etiquette at such occasions, stood rather uneasily by, while the boys proceeded to throw away the dirt. One of the little girls, realizing this was a momentous occasion, determined not to
miss seeing it all. She therefore changed her position a number of times much to the chargrin of her mother. Finally in reaching still another desirable place, she stumbled and sat down on
the dead Indian! For a few moments it seemed as if bedlam had broken loose. The Indians were crashing through the brush in every direction grunting loudly as they ran. The children shrieked
in terror while their mothers huddled together panic striken. All night long they watched, for they felt sure the Indians would return to tomahawk them. Later they learned that the Indians
considered the accident a token of ill omen. Naturally, if there was going to be another disaster, they were anxious to put as much distance as possible between themselves and another death
In October 1846 the first male white child of Plum Hollow was born to George and Catherine Forney and named George Washington. In April 1848 the first white female was born in Plum Hollow to
the same parents and she was named Mary Ann. The husband's return from the Mexican War in 1847 and in October of 1847 the first marriage took place between Samuel Ettleman and Susan Forney.
John Huston Sr. performed the ceremony at the David C. Study residence.
In 1847 other settlers came: Abraham Fletcher, Mr. Flannery (who pre-empted the land on which Thurman is now), John Leeka and his two sons, WIlliam and David.
Before a post office was established in Plum Hollow, William Shepherd carried mail on horseback from Sidney to Penocia Landing near present Bartlett, but closer to the Missouri River. River
boats brought mail for his return trip which took several days and was hazardous. Plum Hollow was one of his overnight stops where he changed horses. He was given this job by the government
in recognition of having been the first man to sucessfully drive a team from Nebraska City to Salt Lake after the Indian troubles.
At first Dr. Venable took care of the sick, though Dr. Crouch, brother-in-law to Abe Fletcher came shortly thereafter. Dr. William Fletcher had studied some medicine but little is known of
the practice of this son of Abe Fletcher. Rev. William Rector ministered to one's soul.
Other families who had arrived by 1855 were the Bursons, Baldwin, J. C. Gallup, Holloway, Johnson, Lucas, Martin, Mann, McCartney, Shirley, Snow, Woodrum and Wilson.
In 1847 the first school was conducted by L. C. Study with just five pupils. In 1855 the first church, Methodist Episcopal, was organized with meetings held in a log school.
An Odd Fellow Lodge was organized in 1874 as well as the Masonic Lodge. In 1884, Dr. T. C. Cole and Mr. Ellis, while attending grand Lodge became so sensitive to the teasing about being from
Plum Hollow that they decided to find a more suitable name. They applied to the post master general with the chosenname of Burnell. This was refused because there was a Burrel already in Iowa
and the names were too much alike. Thurman was then selected and approved Sept. 1888 with William B Meek, post master.
In April 1889 the town council decided that the town's name needed to be changed to match the name on the post office. Thurman's namesake was Vice President Allen G. Thurman who ws with Grover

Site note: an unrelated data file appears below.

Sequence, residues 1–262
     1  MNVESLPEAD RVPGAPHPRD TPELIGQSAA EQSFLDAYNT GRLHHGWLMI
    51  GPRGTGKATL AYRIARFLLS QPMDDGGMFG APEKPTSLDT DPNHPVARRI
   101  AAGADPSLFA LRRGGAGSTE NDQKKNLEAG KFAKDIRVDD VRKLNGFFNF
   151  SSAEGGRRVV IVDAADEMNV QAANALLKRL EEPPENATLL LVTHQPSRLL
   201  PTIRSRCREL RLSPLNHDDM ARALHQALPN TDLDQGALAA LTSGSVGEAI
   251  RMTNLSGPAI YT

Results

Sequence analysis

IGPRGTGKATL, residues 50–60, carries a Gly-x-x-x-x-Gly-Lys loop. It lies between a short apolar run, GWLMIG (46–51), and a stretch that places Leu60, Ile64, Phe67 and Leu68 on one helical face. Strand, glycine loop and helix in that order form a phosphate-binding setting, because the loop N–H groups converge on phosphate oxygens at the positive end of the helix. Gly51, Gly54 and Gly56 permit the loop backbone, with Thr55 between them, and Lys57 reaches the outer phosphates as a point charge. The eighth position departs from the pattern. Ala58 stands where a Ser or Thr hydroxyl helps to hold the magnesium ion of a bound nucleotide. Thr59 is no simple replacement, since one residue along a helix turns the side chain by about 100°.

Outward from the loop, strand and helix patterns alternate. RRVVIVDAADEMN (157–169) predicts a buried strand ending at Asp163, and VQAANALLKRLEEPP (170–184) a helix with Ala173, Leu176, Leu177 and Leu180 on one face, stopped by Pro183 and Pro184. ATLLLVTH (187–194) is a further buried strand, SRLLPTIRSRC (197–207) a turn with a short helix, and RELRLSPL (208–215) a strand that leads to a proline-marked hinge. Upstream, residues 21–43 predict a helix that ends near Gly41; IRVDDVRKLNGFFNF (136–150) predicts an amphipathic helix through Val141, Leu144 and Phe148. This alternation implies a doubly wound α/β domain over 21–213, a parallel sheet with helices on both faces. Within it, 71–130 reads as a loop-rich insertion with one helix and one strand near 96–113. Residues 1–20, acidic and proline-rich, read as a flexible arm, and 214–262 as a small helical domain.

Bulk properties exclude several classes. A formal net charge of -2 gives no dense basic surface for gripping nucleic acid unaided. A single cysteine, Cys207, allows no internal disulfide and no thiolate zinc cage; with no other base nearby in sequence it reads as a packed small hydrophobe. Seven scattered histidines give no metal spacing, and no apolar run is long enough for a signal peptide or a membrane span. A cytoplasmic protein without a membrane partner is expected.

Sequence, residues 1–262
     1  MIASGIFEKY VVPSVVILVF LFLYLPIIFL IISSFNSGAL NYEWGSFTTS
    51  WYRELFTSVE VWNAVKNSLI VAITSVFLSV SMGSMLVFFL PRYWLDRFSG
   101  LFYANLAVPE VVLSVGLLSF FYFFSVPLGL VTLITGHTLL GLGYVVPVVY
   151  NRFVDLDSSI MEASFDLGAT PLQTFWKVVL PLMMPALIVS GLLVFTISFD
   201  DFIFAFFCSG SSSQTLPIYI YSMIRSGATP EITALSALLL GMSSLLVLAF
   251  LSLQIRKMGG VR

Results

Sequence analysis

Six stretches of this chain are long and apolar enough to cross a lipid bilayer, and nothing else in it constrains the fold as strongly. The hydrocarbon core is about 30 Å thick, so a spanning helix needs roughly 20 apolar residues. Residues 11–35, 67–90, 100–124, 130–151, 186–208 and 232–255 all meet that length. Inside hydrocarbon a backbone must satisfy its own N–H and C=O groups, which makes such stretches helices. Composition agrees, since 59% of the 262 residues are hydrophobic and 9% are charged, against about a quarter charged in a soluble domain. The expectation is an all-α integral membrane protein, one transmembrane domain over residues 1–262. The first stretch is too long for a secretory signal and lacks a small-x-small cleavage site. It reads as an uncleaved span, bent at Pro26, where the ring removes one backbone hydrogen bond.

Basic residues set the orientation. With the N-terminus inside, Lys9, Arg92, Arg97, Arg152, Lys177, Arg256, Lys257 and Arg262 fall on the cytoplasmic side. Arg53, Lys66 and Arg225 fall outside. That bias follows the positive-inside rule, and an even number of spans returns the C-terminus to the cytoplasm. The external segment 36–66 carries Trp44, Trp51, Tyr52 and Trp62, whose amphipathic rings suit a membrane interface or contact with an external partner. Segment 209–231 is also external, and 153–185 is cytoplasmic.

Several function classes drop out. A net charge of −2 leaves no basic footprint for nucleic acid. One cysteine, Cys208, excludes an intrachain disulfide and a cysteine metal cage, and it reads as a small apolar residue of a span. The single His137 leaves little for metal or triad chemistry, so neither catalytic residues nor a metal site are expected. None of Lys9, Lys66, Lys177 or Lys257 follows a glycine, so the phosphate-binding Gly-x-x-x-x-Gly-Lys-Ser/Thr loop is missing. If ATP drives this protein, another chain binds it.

Cleveland's first Presidency. Councilmen for the name change were J. M. Johnson, B. F. Beekworth, J. N. Smith, O. D. Woodrum and A. F. Wheeler. There were no nays. W. B. Meek was mayor. Joe Blair
was the recorder. The Thurman Hawkeye published the special election notice ten days prior to election. Forty-eight people voted and forty-six were in favor. Two were not. Thus Plum Hollow and
Fremont City were gone. (Material from a History of Thurman, 1957 by Donald Stanley: obituary of Lucinda Gray, 1933; Mormon Battalion records; and information from Bill Blackburn.)
In the late 1840's Abraham Fletcher (perhaps down on his luck) became the body guard of river boat gambler, Levi Shirely. Circumstances of the arrangement aren't known but Levi won property in
Council Bluffs for Abe, who headed north from wherever this occurred and sold these lots. He then came to Plum Hollow in 1851 and pruchased acres and acres of land. he built the first residence,
openend the first store, and in 1856 was the first postmaster for Plum Hollow. He laid the foundation for the town of Fremont City which was incorporated in 1879. However the post office name
could not be changed due to another Fremont City in Iowa. Thus the town went by two names. officials elected were J. McFarlan Paul, mayor; W. R. Graves, marshal; and councilmen: William Green,
J. H. Cole, W. R. Roberts, Joseph Blair, leonard Study and J. S. Jones.
In 1881 Fremont City had a population of 500 with eighteen businesses. It had a large brick United Brethren Church built in 1874 and a new brick High School with four rooms, two stories high.
It cost $5,000 to build. There were 213 students taught by Principal, C. W. Durrett, and Misses Lydia DIlts and Nettie Stockton.
Any photos, stories or histories associated with Plum Hollow / Fremont City would be most appreciated!
Source:Taken from 'Thumbprints in Time', published by the Fremont County Historical Society in 1996. Transcribed by Tom Hodge in March 2012.
Check here for additional information about Plum Hollow, including some photos.